Benefits/Drawbacks of an Oil-Varnish-Turpentine finish
I've been spending alot of time searching for information of using an oil finish for my teak and one thing that keeps popping up is a mixture of oil-varnish-trupentine, sometimes called boat soup or boat salsa.
Can anyone provide some insight into this mix?
What are the benefits/drawbacks?
How is it applied?
Does it hold up well?
How do you maintain the finish?
Re: Benefits/Drawbacks of an Oil-Varnish-Turpentine finish
Furniture Maker here...
For furniture at least the mix usually goes 1/3, 1/3, 1/3 can substitute mineral spirits for the turpentine.
I would be hesitant to use an oil varnish blend on either high traffic areas or areas with lots of uv exposure.. (Unless you REALLY stay on top of keeping it up)
Benefits are that its much easier to apply than varnish only. Can be wiped on or brushed on and wiped in/off.
Drawbacks are durability in comparison to lets say a varnish over epoxy finish.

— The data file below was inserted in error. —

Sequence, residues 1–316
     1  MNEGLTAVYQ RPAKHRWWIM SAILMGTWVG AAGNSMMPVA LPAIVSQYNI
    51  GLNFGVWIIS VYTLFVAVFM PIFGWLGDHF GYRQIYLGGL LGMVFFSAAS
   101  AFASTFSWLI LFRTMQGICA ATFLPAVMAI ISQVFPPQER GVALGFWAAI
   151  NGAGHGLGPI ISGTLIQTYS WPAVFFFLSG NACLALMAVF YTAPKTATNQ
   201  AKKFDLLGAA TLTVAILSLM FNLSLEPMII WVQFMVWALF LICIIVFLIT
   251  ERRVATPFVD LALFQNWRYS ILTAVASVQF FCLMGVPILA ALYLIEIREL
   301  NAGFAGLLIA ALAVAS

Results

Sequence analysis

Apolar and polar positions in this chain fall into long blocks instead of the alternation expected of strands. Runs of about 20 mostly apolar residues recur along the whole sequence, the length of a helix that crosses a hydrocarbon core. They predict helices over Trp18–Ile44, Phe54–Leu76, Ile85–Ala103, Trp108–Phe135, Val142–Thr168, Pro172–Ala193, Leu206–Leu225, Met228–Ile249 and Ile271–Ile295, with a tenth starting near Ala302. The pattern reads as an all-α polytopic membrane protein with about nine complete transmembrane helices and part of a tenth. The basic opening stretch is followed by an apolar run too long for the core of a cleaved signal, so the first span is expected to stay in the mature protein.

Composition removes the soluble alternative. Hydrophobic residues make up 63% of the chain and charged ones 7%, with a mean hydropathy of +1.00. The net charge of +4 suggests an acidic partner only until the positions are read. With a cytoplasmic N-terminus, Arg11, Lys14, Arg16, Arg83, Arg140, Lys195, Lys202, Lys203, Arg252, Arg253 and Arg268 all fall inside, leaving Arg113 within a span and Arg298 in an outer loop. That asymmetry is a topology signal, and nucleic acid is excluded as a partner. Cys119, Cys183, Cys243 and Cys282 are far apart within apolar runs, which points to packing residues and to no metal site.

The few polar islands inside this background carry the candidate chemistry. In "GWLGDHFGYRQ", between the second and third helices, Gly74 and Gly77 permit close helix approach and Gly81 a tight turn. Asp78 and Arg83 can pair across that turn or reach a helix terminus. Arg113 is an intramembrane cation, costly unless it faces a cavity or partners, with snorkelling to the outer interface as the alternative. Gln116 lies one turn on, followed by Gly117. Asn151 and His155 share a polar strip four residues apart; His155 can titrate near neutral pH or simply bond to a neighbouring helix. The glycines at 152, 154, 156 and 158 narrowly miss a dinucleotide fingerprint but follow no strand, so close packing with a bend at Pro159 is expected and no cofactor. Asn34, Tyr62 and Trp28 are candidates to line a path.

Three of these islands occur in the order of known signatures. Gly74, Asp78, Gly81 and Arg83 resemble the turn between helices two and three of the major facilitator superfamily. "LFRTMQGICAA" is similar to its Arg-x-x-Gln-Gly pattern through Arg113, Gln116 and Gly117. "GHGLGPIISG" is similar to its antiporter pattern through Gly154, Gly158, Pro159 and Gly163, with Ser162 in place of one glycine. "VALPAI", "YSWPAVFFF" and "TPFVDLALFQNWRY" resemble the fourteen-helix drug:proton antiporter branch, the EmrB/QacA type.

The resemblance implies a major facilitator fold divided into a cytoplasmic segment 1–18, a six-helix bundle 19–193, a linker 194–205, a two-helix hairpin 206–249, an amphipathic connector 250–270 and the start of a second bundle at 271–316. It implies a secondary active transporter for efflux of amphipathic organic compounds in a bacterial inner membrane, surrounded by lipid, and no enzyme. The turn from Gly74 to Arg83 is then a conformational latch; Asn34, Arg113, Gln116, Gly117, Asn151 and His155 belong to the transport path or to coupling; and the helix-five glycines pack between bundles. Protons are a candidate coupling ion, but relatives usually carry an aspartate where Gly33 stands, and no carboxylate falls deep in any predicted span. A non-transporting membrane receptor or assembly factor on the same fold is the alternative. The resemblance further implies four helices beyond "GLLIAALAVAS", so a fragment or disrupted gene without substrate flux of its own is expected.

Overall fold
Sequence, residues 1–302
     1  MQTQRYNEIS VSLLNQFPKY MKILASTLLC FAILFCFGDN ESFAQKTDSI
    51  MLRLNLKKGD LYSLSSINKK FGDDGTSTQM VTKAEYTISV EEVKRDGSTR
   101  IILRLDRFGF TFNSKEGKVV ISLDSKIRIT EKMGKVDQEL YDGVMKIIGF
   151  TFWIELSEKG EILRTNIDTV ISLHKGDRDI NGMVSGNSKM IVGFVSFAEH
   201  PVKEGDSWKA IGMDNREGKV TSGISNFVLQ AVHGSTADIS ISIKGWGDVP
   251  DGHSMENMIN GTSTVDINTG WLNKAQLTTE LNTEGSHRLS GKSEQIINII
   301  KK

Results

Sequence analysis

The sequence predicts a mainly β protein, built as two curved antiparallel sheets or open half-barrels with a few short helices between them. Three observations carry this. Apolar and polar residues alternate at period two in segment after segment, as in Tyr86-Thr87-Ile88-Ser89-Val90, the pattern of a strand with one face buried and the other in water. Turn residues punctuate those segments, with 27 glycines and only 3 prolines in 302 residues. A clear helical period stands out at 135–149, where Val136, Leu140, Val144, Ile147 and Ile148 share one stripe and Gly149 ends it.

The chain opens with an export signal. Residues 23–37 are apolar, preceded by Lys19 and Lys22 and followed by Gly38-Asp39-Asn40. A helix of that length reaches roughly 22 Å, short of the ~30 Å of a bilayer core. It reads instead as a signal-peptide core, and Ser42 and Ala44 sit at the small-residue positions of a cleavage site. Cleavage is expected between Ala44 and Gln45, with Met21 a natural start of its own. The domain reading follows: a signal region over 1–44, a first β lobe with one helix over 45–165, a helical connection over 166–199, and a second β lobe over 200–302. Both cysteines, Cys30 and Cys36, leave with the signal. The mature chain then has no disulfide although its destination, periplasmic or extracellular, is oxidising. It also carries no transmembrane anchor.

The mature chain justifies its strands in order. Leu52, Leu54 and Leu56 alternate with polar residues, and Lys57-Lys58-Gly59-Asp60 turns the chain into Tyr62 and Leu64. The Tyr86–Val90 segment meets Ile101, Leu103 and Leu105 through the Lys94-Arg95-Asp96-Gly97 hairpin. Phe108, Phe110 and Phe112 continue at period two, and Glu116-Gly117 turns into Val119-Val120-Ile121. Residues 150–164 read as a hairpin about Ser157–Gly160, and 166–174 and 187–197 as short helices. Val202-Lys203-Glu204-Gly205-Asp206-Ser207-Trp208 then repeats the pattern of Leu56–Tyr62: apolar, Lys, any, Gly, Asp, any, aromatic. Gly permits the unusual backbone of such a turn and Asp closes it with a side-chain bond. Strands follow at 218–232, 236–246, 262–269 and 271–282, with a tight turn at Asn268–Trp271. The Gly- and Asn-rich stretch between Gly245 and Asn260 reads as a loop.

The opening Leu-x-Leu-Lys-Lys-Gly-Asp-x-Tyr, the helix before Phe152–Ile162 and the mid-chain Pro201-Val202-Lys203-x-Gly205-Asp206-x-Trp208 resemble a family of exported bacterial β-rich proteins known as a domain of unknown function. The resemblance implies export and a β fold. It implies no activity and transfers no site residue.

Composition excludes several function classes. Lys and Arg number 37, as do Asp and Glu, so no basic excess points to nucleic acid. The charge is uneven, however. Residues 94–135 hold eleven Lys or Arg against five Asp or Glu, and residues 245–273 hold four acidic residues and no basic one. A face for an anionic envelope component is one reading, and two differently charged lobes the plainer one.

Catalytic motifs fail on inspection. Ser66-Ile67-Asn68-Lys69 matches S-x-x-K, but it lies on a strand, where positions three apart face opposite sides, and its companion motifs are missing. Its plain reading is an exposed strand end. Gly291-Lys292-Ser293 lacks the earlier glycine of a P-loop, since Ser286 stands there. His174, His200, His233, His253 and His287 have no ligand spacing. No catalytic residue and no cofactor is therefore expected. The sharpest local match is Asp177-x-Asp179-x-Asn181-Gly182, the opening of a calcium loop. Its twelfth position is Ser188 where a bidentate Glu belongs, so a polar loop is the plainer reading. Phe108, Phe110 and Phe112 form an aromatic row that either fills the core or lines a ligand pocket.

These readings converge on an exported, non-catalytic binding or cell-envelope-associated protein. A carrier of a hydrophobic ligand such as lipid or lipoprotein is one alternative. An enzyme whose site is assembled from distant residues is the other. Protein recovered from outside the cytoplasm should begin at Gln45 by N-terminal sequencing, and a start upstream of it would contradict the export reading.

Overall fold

Holds up nicely on furniture, but again careful with the uv exposure, its a killer to almost all finishes.
Maintenance is keeping it clean, scuff sanding with a high grit sandpaper or steel wool, and reapplying.
In most instances, oil-varnish blends work in much the same way and in much the same capacity as rub-in oils. They soak into the wood and provide a thin, natural-looking finish that’s easy to apply. They may have a bit more versatility in terms of sheen and color options. Durability of the finish is slightly better than pure oils (due to added resins), but is usually still inadequate for high-traffic, high-wear pieces.
Look into varnish over epoxy (epoxyworks from west systems has a good article on this.) Lots more work up front, but worth it in the long run. In my opinion at least.
For more info on finishing in general, look at the book "Flexner on Finishing."
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